Womanhood is an ever changing conceptualisation, a fluid idea defined by society and culture. There is a constant evolving effort to reconcile the dissimilarities of identity reflected through standards of beauty, sexuality and gender roles.
I started researching how women contemporary artist interpret womanhood and our bodies through sculpture. Also, I did a deep research in 20th century literature from inspiring figures like Simone de Beauvoir and their analysis on the perception of womanhood, as well as a deep research of the time’s wardrobe; classic masculine tailored garments and usual feminine under garments. With all that knowledge I began my own interpretation of womanhood.
What stroke me the most is realising the fact that I was not working on a solid static idea but rather an uncertain vision in which anyone could have its on view. This conclusion is portrayed in the fluidity of the garments’ shapes as well as the distorted prints. The idea of beauty is our own interpretation of different theories portrayed in our society and mind, this is why distortion is a relevant idea that is portrayed throughout the collection.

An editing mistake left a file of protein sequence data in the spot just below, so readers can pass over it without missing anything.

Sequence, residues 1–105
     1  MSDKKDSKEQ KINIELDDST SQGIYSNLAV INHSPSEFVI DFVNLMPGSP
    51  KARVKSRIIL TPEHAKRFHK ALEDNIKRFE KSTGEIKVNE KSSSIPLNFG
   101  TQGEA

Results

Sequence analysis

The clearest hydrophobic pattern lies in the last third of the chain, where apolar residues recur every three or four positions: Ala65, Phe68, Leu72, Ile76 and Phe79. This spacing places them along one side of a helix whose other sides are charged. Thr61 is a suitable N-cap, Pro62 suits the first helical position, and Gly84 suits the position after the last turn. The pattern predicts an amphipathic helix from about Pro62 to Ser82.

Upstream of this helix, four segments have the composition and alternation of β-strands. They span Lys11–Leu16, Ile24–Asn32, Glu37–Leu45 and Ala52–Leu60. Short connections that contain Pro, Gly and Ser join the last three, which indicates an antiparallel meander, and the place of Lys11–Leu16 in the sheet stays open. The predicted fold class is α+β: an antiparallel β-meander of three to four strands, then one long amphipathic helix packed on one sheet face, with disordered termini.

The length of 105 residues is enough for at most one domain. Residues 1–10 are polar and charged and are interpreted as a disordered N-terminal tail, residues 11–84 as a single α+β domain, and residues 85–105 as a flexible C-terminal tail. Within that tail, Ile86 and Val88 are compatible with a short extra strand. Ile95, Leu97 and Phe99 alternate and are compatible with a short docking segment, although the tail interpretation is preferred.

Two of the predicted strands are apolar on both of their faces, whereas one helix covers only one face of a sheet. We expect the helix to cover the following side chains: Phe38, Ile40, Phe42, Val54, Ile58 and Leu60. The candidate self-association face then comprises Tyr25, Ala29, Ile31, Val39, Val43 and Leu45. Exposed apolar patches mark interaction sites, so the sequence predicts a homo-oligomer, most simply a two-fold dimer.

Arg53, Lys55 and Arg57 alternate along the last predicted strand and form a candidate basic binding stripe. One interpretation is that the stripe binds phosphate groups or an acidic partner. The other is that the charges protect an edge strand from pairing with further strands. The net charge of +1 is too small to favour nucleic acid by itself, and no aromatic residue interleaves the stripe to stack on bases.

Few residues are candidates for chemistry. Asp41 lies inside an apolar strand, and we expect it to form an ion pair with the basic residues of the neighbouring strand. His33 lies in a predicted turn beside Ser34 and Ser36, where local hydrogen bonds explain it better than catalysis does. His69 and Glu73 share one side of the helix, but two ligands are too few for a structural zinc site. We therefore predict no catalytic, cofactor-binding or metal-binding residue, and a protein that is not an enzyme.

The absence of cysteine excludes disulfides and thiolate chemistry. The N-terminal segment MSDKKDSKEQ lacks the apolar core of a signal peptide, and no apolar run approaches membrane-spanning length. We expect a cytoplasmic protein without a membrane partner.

Firstly I began with a literal interpretation of the body through sculpture. The bust casts are the objectification of the forms the artists have been resembling. With these figures I am trying to make a literal statement: our body parts are separated from us as a person and we are viewed primarily as a physical object of male sexual desire. As a consequence, empowerment is what I am trying to render when a women is visibly wearing her own torso: normalise women’s breasts would eradicate the idea that our body is to please somebody else.
Secondly, one essential evidence is that we are continuously creating new identities for women as society evolves. We live under the pressure of infinite gender roles that sometimes creates a bias feeling in us making us feel insecure and anxious. This idea is portrayed as dual identities and can be seen in the double shoulders and unfitting shirts which seem as if two or more people are wearing it but in the absence of those. One body dealing with different identities.